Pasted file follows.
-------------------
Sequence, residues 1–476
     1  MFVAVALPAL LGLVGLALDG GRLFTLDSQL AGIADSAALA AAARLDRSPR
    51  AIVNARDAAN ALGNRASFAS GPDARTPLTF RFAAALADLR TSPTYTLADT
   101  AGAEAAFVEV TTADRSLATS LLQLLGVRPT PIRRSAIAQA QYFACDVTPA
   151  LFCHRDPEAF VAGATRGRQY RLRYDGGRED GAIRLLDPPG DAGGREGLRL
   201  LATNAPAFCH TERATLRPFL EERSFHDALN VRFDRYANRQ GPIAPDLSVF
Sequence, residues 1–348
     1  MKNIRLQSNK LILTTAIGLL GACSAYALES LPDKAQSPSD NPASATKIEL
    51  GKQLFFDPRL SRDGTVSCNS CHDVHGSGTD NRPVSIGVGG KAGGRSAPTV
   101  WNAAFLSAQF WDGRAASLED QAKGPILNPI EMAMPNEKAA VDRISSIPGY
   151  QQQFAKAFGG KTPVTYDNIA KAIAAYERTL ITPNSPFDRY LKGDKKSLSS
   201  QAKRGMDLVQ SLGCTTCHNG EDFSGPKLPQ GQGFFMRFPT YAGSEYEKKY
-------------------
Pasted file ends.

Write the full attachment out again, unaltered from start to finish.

Sequence, residues 1–476
     1  MFVAVALPAL LGLVGLALDG GRLFTLDSQL AGIADSAALA AAARLDRSPR
    51  AIVNARDAAN ALGNRASFAS GPDARTPLTF RFAAALADLR TSPTYTLADT
   101  AGAEAAFVEV TTADRSLATS LLQLLGVRPT PIRRSAIAQA QYFACDVTPA
   151  LFCHRDPEAF VAGATRGRQY RLRYDGGRED GAIRLLDPPG DAGGREGLRL
   201  LATNAPAFCH TERATLRPFL EERSFHDALN VRFDRYANRQ GPIAPDLSVF
Sequence, residues 1–348
     1  MKNIRLQSNK LILTTAIGLL GACSAYALES LPDKAQSPSD NPASATKIEL
    51  GKQLFFDPRL SRDGTVSCNS CHDVHGSGTD NRPVSIGVGG KAGGRSAPTV
   101  WNAAFLSAQF WDGRAASLED QAKGPILNPI EMAMPNEKAA VDRISSIPGY
   151  QQQFAKAFGG KTPVTYDNIA KAIAAYERTL ITPNSPFDRY LKGDKKSLSS
   201  QAKRGMDLVQ SLGCTTCHNG EDFSGPKLPQ GQGFFMRFPT YAGSEYEKKY